The main difference between DNA profiling and DNA sequencing is that DNA profiling is the forensic technique, which allows the identification of individuals according to their genetic makeup whereas DNA sequencing is the technique in biotechnology, determining the nucleic acid sequence of a particular DNA fragment. Furthermore, DNA profiling takes part in the STR analysis by PCR and gel electrophoresis while DNA sequencing takes part in the incorporation of labeled dideoxynucleotides by PCR and the determination of nucleotide sequence by gel electrophoresis.
DNA profiling and DNA sequencing are two techniques in molecular biology. Generally, they provide information about the genome of an individual.
Key Areas Covered
1. What is DNA Profiling
– Definition, Procedure, Importance
2. What is DNA Sequencing
– Definition, Procedure, Importance
3. What are the Similarities Between DNA Profiling and DNA Sequencing
– Outline of Common Features
4. What is the Difference Between DNA Profiling and DNA Sequencing
– Comparison of Key Differences
DNA Profiling, DNA Sequencing, Forensic Identification, Nucleotide Sequence, Parentage Testing, STRs
What is DNA Profiling
DNA profiling or genetic profiling is the forensic technique important in the identification of individuals and for parentage testing. Significantly, this method was developed by Sir Alec Jeffreys in conjunction with Peter Gill and Dave Werrett of the Forensic Science Service (FSS).
Generally, DNA profiling plays a key role in the comparison of DNA profiles of the criminal suspects. Also, it is a simple process, which is more statistically straightforward due to automation.
DNA profiling focuses on using a panel of multi-allelic STR markers, which are structurally analogous to the original minisatellites. Generally, STRs are much shorter in comparison to the minisatellites; usually, they are the repeats of four bases. Therefore, it is easier to amplify them with multiplex PCR. Meanwhile, they can be amplified by using sequence-specific primers. Following, either gel electrophoresis or capillary electrophoresis takes part in the separation of the resulting fragments.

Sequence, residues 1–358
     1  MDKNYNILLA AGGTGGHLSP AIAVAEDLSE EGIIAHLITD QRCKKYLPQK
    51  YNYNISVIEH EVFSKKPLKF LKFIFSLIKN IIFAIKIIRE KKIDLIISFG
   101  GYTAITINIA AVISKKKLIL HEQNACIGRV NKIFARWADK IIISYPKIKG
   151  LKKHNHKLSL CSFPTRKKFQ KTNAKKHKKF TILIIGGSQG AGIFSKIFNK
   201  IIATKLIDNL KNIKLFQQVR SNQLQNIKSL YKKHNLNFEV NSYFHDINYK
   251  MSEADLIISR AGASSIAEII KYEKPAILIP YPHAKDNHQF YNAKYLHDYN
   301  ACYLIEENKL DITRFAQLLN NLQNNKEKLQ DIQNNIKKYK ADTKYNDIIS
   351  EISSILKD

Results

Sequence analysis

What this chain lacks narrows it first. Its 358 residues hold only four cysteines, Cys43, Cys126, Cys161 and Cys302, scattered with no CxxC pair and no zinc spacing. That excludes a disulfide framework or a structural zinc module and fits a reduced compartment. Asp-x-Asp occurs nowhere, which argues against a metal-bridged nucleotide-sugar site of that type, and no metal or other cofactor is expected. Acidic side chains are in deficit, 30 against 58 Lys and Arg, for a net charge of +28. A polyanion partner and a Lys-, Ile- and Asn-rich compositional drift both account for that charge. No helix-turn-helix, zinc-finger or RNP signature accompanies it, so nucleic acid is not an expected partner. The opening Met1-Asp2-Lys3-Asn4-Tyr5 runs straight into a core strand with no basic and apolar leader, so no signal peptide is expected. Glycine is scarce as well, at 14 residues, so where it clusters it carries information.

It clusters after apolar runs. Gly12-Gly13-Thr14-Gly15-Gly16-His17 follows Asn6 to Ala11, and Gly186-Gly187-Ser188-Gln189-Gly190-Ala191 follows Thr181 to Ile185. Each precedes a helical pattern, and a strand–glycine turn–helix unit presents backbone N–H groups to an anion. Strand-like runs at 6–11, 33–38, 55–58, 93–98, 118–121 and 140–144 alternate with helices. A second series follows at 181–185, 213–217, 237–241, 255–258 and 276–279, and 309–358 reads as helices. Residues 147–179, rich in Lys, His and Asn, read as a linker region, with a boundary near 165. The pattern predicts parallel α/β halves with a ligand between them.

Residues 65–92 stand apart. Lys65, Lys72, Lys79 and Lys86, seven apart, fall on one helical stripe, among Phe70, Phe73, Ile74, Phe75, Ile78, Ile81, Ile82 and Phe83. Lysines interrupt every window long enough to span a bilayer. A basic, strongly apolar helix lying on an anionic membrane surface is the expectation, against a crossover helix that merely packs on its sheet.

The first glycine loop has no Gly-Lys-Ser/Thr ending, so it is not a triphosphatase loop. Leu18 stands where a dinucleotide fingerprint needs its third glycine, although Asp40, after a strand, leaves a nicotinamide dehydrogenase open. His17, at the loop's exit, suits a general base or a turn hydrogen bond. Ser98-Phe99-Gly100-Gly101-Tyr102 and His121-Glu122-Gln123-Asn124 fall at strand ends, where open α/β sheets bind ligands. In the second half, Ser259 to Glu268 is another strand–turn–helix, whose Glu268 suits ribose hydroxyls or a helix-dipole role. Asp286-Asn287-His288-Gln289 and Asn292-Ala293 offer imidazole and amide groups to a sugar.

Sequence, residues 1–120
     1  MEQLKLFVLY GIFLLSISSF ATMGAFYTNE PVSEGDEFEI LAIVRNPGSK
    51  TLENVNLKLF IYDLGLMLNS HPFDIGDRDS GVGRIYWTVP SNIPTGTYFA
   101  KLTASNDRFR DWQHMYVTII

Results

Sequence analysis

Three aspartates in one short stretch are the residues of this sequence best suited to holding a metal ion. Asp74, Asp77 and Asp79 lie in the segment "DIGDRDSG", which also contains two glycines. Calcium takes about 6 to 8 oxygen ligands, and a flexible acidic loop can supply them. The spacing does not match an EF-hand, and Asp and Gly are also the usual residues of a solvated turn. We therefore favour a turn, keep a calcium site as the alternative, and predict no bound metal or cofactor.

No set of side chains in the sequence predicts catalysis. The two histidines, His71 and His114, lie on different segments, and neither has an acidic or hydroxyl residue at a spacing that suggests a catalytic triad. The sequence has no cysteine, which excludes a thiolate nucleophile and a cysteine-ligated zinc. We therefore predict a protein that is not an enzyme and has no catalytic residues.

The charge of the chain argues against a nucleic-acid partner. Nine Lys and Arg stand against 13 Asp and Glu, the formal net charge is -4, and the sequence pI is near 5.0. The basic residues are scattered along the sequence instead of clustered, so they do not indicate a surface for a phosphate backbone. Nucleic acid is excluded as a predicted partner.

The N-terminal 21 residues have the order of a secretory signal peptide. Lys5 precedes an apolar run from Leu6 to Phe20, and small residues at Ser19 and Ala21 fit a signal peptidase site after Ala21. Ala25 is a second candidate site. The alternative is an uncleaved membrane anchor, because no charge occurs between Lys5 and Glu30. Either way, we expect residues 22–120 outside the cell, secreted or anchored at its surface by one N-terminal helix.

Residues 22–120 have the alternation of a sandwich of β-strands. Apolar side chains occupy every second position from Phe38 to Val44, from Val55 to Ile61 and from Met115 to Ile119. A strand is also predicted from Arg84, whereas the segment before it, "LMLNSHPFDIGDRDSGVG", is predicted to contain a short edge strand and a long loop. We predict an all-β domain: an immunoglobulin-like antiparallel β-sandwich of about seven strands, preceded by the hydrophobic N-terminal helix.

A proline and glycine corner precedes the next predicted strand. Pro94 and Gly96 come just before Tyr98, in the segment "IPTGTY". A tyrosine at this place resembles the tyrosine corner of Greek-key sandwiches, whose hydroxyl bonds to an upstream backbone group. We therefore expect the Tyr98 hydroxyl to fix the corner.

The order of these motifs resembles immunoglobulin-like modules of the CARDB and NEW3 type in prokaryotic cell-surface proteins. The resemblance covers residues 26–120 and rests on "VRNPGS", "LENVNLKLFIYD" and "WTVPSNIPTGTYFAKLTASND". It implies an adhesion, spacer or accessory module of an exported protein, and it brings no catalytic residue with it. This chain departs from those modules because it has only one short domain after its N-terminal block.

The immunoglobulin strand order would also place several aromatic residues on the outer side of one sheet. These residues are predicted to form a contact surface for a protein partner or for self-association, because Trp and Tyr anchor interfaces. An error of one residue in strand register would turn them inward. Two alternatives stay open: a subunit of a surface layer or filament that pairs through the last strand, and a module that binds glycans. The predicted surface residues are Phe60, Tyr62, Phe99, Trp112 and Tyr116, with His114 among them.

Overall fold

Remarkably, up to 30 STRs can be analyzed in a single capillary electrophoresis injection. For instance, STRs are highly polymorphic regions. However, the number of STR alleles in the human population is very small. Normally, similar STR alleles occur around 5-20% of individuals.
What is DNA Sequencing
DNA sequencing is the molecular biology technique important for the determination of the nucleotide base sequence. Generally, the first more rapid DNA sequencing method was developed by Frederick Sanger in 1977. Also, the method was known as ‘DNA sequencing with chain-terminating inhibitors’. However, another DNA sequencing method was developed by Walter Gilbert and Allan Maxam in 1973. For instance, this method was known as ‘DNA sequencing by chemical degradation’. Usually, both methods were identified as first-generation DNA sequencing methods.
Moreover, high-throughput sequencing methods called ‘Next-generation sequencing’ or ‘second-generation sequencing methods were developed in the mid to late 1990s. Significantly, these methods allowed the ‘massive parallel’ sequencing through the automation of the process. Importantly, they allow the sequencing of whole genomes at once.